• Nate says:

          Thanks for the reply — I wasn’t sure how clear my question would be. 🙂

          We do not follow a moral code because it “feels right.” If this were true, everyone could be morally just by doing what was right in their own eyes. Instead, we need an objective moral standard which is separate from all men and governs us all.

          If this is true, then anything God commanded would be morally right, correct? In other words, when God commanded Abraham to sacrifice Isaac, sacrificing him would have been the moral thing to do. And when God commanded the Israelites to annihilate the Canaanites, it was morally right for them to do it. Would you agree?

          If you’re asking whether we can know what is right by whether it feels right, I would respond by saying that there is a universal moral law that gives all men a sense of right and wrong…

          See, this is what I believe. I think the basics of morality come naturally to us. Maybe we’re just hard-wired that way by nature because we are social organisms, or maybe we’re that way because God created us with some ingrained sense of morality. But either way, we do seem to have an innate idea of what is moral. The specifics of it may vary from person to person and society to society. In the past, “do not kill” applied mostly just to members of your tribe. A society couldn’t function without some agreement on the rules, so these basics were necessary. As we’ve become more “civilized,” many societies have come to realize that people of other groups should have some innate rights as well, since they’re fellow humans. Many people have begun to feel that way toward animals too — at least the ones we’re capable of sympathizing with. We may differ in regard to things like the specific lines of modesty, or whether or not bribery is allowable. But in broad strokes, we all tend to have the same basic ideas of what morality should be. In my opinion, that’s all we really need to know that genocide is wrong, rape is wrong, mutilation is wrong, etc. So in that regard, I think Dawkins had some grounds for his comment.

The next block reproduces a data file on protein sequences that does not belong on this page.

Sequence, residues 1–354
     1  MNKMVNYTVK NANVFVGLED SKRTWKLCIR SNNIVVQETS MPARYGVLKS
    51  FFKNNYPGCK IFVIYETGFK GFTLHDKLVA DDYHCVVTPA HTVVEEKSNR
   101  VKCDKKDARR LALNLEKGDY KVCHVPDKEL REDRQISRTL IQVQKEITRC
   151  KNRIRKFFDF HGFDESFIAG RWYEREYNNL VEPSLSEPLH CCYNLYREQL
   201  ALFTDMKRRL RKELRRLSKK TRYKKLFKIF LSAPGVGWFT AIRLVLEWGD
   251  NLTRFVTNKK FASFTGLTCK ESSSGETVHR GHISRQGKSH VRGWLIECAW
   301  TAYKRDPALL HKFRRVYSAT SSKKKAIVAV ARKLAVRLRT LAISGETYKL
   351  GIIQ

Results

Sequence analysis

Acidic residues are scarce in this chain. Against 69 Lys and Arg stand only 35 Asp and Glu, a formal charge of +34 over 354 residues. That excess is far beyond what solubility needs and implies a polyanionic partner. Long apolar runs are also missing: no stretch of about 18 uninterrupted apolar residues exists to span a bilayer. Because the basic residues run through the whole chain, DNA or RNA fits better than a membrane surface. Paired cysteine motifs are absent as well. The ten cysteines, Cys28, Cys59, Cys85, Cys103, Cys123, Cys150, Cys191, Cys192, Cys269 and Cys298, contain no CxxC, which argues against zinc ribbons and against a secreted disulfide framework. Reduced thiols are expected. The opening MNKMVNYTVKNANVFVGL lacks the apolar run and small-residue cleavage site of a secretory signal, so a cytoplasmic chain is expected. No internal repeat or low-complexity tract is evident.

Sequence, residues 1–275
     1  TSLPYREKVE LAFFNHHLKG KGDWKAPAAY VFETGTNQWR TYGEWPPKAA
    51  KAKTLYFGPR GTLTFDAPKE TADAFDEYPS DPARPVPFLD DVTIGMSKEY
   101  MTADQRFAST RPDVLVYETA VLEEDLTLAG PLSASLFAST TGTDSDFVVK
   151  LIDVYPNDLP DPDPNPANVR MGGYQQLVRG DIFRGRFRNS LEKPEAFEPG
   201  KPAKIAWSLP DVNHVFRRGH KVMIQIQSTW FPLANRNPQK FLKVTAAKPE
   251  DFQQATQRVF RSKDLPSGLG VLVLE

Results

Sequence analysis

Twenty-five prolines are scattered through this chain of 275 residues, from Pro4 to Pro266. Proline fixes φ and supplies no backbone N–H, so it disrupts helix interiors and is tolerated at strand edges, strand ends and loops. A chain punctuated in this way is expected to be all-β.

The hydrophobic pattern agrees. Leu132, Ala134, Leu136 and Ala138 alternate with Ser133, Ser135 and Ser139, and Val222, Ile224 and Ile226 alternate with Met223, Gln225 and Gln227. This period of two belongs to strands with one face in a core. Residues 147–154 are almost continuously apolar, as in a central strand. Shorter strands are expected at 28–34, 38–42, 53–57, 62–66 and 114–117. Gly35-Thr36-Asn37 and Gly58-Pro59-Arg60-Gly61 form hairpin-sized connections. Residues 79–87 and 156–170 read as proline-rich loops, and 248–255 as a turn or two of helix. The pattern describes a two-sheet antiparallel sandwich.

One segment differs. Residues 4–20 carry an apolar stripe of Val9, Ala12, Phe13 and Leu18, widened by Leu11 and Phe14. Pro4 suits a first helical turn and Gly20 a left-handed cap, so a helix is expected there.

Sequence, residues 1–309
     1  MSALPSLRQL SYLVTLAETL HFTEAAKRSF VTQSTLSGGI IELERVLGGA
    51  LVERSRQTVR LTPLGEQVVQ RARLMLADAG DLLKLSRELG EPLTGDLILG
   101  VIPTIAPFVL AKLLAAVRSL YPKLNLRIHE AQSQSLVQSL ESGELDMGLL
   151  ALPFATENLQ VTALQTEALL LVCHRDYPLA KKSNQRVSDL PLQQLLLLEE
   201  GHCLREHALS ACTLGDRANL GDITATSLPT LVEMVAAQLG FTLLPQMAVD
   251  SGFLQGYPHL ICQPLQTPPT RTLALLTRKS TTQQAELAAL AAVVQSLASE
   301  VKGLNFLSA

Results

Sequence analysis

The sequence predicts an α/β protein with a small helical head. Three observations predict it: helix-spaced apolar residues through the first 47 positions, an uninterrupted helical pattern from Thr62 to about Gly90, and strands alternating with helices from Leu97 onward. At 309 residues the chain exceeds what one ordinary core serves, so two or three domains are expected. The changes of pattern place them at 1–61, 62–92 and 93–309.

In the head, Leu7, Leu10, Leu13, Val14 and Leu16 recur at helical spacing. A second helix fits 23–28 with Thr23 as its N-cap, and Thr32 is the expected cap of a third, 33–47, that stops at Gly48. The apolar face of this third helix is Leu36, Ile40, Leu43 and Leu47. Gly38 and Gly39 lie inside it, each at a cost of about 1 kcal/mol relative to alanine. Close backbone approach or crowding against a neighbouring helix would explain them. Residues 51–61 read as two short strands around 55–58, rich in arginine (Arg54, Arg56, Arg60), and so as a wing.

What are your thoughts on that?


          • humblesmith says:

            Your first question is, in essence, what has been called “the euthyphro dilemma” after a character in one of Plato’s writings. The dilemma goes like this: are things right just because god says it, or does god say it because it is right? Option 1 supposedly gives an arbitrary god, and option 2 gives us something larger than god that he has to comply by, making god some sort of servant.
            The answer is that neither option is correct. Things are moral because they are consistent with God’s nature; God gives good commands because He is good, and it is his nature to be good. The universe reflects God’s nature.

            As for your second point, you are right on target. We do indeed have an innate sense of moral good, even though we disagree on the the specifics. I have written on this several times… a search in this blog for “morality” and you’ll see several posts.

            The problem with Dawkins is that he first makes it quite clear that he believes there is nothing in existence but matter and energy, in “blind pitiless indifference” as he describes it. If this is the case, then there is no objective sense of mercy. He can’t have his cake and eat it too, which is what he’s trying to do.

          • Nate says:

            As it turns out, we’re only in slight disagreement here. I think regardless of what Dawkins thinks about existence, he agrees with both of us that mankind has an innate sense of general morality. That being that case, I think he can see that something like torture or genocide is evil. I don’t see any cognitive dissonance in his position that matter and energy are indifferent while we as humans are not.

  3. Pingback: Problem of Evil | Thomistic Bent